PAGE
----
And although international lawyers, like Álvaro de Campos – one of Fernando Pessoa’s many heteronyms – may hold in their chests more humanities than Christ, or elaborate more philosophies than Kant, or even ‘conquer’ the world before getting out of bed they are just continuously operating simultaneously on the global stage and in the garrets.
I’ve held more humanities against my hypothetical breast than Christ.
I’ve secretly invented philosophies such as Kant never wrote.
But I am, and perhaps will always be, the man in the garret,
Even though I don’t live in one.
I’ll always be the one who wasn’t born for that;
I’ll always be merely the one who had qualities;
I’ll always be the one who waited for a door to open in a wall without doors
And sang the song of the Infinite in a chicken coop
And heard the voice of God in a covered well.
Believe in me? No, not in anything.
Let Nature pour over my seething head
Its sun, its rain, and the wind that finds my hair,
And let the rest come if it will or must, or let it not come.
Cardiac slaves of the stars,
We conquered the whole world before getting out of bed,
But we woke up and it’s hazy,
We got up and it’s alien,
We went outside and it’s the entire earth
Plus the solar system and the Milky Way and the Indefinite.Fernando Pessoa, Tobacco Shop, Excerpt, Translation from Portuguese by Richard Zenith, in Fernando Pessoa & Co, Grove Atlantic, 1998.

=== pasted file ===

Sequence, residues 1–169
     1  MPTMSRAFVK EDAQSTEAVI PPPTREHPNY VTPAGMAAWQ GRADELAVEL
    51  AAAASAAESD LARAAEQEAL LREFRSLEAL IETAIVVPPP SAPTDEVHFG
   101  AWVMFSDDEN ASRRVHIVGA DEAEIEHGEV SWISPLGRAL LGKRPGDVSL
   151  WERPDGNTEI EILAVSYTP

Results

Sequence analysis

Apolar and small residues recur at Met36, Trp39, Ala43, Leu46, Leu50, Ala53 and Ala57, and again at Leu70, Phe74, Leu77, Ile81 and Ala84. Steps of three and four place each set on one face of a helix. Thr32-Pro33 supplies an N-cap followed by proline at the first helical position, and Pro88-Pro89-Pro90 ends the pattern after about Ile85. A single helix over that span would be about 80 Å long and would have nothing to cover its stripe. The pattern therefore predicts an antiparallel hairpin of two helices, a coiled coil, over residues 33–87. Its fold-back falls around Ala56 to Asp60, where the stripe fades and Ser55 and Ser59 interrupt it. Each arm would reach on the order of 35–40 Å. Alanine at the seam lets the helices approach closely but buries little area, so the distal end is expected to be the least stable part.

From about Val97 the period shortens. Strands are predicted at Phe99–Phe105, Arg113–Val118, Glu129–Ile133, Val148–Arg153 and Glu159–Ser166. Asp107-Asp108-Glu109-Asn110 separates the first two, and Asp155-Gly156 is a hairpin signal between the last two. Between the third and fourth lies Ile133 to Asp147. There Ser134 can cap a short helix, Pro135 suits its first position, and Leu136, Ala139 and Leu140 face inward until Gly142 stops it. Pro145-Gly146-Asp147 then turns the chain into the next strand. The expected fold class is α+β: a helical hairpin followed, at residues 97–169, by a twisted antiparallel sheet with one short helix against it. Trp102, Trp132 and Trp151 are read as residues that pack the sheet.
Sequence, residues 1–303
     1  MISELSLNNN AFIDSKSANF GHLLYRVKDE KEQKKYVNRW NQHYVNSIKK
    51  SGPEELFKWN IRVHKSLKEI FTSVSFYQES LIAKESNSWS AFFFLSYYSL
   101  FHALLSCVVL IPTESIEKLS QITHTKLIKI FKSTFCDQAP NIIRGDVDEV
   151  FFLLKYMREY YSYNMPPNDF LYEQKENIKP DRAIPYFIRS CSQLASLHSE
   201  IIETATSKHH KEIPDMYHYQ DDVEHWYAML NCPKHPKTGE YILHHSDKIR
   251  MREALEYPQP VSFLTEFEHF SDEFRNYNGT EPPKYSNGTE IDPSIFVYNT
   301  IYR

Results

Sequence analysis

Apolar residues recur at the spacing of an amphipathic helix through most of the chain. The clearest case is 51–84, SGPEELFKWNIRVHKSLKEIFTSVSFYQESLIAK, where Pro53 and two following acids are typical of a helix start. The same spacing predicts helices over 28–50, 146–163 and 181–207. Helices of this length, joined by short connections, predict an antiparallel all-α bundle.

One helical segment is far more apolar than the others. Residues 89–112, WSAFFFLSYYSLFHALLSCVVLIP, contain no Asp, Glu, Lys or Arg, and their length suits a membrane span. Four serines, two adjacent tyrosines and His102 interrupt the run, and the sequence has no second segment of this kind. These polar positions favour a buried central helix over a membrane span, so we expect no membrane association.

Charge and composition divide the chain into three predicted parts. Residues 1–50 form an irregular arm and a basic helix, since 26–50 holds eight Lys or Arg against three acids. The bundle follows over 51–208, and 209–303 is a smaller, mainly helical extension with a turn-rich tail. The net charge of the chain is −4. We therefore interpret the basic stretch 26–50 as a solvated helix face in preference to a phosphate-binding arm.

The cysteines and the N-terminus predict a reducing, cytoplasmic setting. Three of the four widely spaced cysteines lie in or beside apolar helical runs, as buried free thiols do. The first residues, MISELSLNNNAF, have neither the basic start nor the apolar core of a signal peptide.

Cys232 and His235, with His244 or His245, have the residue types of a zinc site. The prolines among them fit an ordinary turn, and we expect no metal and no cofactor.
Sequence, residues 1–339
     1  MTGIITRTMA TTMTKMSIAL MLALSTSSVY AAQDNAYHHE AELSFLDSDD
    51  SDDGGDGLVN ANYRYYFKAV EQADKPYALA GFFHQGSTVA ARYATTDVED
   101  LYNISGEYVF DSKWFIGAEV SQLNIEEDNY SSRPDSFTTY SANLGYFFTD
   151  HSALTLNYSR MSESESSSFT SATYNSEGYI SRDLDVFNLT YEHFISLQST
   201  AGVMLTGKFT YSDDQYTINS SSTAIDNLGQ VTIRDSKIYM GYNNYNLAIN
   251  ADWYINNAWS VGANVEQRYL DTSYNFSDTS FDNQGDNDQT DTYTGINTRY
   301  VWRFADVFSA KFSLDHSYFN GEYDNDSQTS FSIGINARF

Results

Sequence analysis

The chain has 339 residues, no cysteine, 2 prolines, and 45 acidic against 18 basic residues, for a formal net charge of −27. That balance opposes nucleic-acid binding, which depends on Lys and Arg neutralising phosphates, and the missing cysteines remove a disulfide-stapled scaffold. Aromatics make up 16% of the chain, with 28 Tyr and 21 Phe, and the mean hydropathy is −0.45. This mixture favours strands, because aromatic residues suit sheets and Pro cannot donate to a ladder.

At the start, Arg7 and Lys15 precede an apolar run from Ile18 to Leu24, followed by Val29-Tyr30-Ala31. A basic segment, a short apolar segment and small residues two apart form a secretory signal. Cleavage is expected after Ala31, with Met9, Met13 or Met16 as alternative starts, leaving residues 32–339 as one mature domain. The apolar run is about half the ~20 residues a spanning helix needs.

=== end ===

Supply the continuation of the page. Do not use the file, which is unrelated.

Indeed, it is common to view the work of international lawyers as a rather tedious one. Like with other types of legal work, one may even question why it is really necessary (reminding us of David Graeber’s critique of corporate lawyers, for instance, in his Bullshit Jobs). However, when one talks about international law as this almost personalized entity, we notice that in our professional field the feeling of usefulness or uselessness is not so foreign. For example, there is a constant critique of the political nature of the work done – as if any other type of legal work were not imbued with and in politics – and the constant challenge it faces from the designs of power. As a reaction to this critique, international lawyers often recur to the formal aspects of their work: international legal rules exist and ought to be interpreted according to well-accepted forms of interpreting them. This resort to formalism should be valid for international courts and states and international organizations when operating in what we call the international. Whether we speak of challenges to existence, validity, correctness, or whatever else one might think of international law, those who work within the field admit its inevitable presence in their (ours?) everyday life.